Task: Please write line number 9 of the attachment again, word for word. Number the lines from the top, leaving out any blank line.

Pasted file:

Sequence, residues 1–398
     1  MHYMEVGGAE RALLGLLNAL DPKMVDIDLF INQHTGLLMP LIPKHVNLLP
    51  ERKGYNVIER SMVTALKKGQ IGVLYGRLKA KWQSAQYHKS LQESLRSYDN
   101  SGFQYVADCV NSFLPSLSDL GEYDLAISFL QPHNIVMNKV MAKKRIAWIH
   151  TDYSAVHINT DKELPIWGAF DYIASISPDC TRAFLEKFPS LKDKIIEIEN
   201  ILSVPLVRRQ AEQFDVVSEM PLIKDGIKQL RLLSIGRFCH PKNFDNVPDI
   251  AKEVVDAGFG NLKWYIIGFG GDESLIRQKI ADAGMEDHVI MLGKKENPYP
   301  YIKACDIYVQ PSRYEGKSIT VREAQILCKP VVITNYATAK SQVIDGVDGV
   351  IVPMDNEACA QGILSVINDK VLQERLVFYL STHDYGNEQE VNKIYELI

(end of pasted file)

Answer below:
   351  IVPMDNEACA QGILSVINDK VLQERLVFYL STHDYGNEQE VNKIYELI